No one knows who wrote this book, but there were two more installments in the series both using the Philip Rawls pseudonym:
Relentlessly downbeat, emotions never soar in Bronson's Cincinnati, instead, the violence just gets more, and more baroque, while the relentless worthlessness of every single human being except Bronson stays the same. If the casual racism and rampant homophobia don’t turn you off, the men being eaten alive by rats or the women having their vaginas lit on fire will.
Weirdly enough, as bad as the Carver twins are, the book's real bad guys turn out to be the judges, lawyers, police commissioners, and assorted fat cats who took their hush money and looked the other way. The 1% are the enemy, but don't worry, Bronson evens the score with all of them, too. Which is a weird stance for this book to take because, aside from obsessively describing every single time Bronson wipes his fingerprints off a murder weapon, gear shift, door knob, or end table, the book also talks about his bankroll non-stop. Sometimes Bronson kills with a shotgun, sometimes with a kitchen knife, but he almost always pays someone off, buys weapons, or gets information by pulling out his phat bankroll and peeling off some bills first. In this world, good and bad don't matter, the only lesson to be learned is that the man with the money can do what he wants, while everyone else just gets blasted into kibble.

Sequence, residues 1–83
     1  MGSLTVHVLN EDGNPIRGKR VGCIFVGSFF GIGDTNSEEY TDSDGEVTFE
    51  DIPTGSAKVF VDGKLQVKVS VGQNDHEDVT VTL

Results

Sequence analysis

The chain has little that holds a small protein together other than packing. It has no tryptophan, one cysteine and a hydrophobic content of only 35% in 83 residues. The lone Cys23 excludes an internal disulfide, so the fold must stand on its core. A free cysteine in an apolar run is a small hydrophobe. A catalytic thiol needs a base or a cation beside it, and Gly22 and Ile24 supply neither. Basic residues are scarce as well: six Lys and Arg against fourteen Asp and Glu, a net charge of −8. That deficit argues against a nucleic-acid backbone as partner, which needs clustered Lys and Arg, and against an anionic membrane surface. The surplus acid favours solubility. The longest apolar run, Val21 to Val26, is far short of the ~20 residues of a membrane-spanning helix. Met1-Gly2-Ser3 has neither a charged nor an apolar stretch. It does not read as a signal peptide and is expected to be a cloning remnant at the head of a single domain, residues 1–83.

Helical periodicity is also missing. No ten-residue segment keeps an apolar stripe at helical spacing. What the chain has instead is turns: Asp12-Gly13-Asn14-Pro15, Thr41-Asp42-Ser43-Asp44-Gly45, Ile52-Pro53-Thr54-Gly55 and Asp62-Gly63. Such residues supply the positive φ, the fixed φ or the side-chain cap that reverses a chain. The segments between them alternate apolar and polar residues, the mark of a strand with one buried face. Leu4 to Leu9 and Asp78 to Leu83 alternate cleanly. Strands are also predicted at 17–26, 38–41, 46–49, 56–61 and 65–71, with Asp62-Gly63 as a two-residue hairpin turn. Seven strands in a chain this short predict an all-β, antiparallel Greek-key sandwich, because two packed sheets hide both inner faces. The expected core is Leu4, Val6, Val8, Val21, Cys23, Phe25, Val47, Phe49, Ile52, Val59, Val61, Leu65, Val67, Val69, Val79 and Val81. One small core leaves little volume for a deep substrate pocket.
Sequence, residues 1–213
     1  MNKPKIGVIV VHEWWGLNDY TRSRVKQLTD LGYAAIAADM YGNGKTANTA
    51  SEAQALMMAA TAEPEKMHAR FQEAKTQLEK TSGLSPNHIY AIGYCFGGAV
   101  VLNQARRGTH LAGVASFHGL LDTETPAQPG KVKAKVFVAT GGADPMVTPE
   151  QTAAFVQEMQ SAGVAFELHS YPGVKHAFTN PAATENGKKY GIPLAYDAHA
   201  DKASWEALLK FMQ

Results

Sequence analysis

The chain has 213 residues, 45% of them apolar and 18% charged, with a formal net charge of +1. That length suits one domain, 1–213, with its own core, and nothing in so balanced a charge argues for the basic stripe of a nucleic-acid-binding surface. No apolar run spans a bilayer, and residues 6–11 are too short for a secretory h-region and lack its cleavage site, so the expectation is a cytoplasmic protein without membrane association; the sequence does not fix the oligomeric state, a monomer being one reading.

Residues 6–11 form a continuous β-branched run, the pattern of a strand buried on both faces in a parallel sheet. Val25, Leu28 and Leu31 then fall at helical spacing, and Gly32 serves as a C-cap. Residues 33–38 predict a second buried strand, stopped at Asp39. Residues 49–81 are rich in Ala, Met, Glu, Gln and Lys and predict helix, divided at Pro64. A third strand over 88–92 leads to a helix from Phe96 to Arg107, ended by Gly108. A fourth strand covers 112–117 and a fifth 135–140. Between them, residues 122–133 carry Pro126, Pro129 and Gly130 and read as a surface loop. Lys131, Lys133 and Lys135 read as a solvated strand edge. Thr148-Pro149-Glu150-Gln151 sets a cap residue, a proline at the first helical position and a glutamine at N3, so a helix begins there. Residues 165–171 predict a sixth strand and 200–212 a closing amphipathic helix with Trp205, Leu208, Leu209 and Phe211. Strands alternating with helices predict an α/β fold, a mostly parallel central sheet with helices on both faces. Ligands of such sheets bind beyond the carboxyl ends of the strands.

Towards the climax of the book, one of Bronson's victims begs for mercy. We've actually seen that he just tagged along with the bad guys because he had nothing better to do, and he genuinely didn't want any trouble. When it becomes clear that Bronson's still going to kill him, the guy begs for a minute to pray.
"There’s your prayer, motherfucker," Bronson snarls, blasting his skull into "a stream of pulped brain tissue and blood."